HOUSTON – Texas cities are getting some help to stay functioning as they focus on reconstruction after Harvey, with federal loans from the Federal Emergency Management Agency helping keep operations intact.
It's an early step in a massive cleanup effort that's starting now with people leaving shelters, figuring out what to do next.
A look at what's happening:
Hurricane Harvey started with raging winds. But its legacy will be all about water.
The storm dumped almost a year's worth of rainfall on Houston, leaving misery that will linger and cost tens of billions of dollars.
Some 7,000 homes have already been destroyed in Texas. More than 37,000 homes have been heavily damaged and it's too soon to know how many are salvageable. But Houston officials say some will be submerged in water for up to a month.
Just because evacuees are leaving Houston's emergency shelters doesn't mean they're going somewhere better.
Some have returned to public housing complexes inundated with sewage and mud. More than 50,000 are in government-paid hotels, some far away from homes and schools. Others moved in with relatives.
FEMA officials also are weighing other options should the need arise, such as mobile homes.
Harvey is now blamed for at least 60 deaths confirmed in 11 Texas counties.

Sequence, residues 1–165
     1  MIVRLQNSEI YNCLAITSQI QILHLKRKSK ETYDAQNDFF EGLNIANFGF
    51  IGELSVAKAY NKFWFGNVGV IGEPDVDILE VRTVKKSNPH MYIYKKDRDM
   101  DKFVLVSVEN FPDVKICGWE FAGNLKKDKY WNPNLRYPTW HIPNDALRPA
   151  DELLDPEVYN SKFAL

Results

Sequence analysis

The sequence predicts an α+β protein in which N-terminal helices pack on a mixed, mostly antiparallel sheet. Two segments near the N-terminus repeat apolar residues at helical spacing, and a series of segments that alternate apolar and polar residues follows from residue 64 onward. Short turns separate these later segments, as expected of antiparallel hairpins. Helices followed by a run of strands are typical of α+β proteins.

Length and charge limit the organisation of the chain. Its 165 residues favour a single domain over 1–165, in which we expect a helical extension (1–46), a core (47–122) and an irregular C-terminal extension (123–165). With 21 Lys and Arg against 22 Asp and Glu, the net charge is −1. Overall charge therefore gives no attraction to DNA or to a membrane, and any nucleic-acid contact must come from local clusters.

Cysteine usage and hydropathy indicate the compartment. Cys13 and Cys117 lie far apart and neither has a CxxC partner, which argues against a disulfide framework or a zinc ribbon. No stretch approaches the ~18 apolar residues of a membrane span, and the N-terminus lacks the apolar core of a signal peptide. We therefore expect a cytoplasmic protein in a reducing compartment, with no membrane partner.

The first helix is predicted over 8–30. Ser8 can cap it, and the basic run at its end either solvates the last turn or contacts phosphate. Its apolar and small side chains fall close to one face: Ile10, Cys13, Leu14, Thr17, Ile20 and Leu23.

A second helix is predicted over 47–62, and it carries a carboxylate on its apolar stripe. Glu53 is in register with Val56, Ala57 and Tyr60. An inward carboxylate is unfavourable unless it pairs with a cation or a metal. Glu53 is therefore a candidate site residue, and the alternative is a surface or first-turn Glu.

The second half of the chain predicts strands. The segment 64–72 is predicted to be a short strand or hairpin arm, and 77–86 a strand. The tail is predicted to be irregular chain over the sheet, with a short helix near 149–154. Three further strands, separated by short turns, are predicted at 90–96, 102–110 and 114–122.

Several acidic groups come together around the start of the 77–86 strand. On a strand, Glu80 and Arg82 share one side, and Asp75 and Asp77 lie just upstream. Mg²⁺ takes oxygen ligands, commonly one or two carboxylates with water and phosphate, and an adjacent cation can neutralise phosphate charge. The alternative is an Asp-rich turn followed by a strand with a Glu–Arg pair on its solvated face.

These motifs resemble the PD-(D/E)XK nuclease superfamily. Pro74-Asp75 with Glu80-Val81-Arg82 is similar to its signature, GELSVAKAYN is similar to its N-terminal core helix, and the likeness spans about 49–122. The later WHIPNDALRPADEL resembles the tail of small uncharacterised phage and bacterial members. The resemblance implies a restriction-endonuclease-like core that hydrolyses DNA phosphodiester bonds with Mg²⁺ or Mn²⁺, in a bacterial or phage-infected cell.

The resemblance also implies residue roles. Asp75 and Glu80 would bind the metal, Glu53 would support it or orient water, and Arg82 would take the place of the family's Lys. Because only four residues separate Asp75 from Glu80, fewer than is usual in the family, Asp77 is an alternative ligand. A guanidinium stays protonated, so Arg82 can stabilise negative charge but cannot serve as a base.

Of the counties confirming fatalities, Harris County, which is home to Houston and saw the worst flooding during the storm, still has the highest death toll with 30 confirmed Harvey-related deaths as of about 5 p.m. Monday.
Harvey has complicated the U.S. government's plan to build a border wall in Texas, creating separation from Mexico.
All the government needed was Congress to approve the money. Now, the Trump administration must grapple with the demand to rebuild after the storm , which will require billions of dollars to start.
The White House wanted $1.6 billion for 74 miles (119 kilometers) of initial wall, including 60 miles (97 kilometers) in Texas' Rio Grande Valley.
"FORMATION" FOR FUNDS
Happy birthday, Beyonce, let's raise some relief funds. Love, Michelle Obama, Serena Williams and a few more famous friends.
Friends of the superstar singer from Houston marked her 36th birthday Monday by sporting one of her fiercest looks, donning black-brimmed hats and ornate necklaces like the ones worn by Beyonce in her "Formation" music video.
Above the 18 pictures posted on Beyonce's website was a message and link asking fans to support relief efforts.
The pics included one of her daughter Blue Ivy Carter and others with her Destiny's Child groupmates Michelle Williams and Kelly Rowland.
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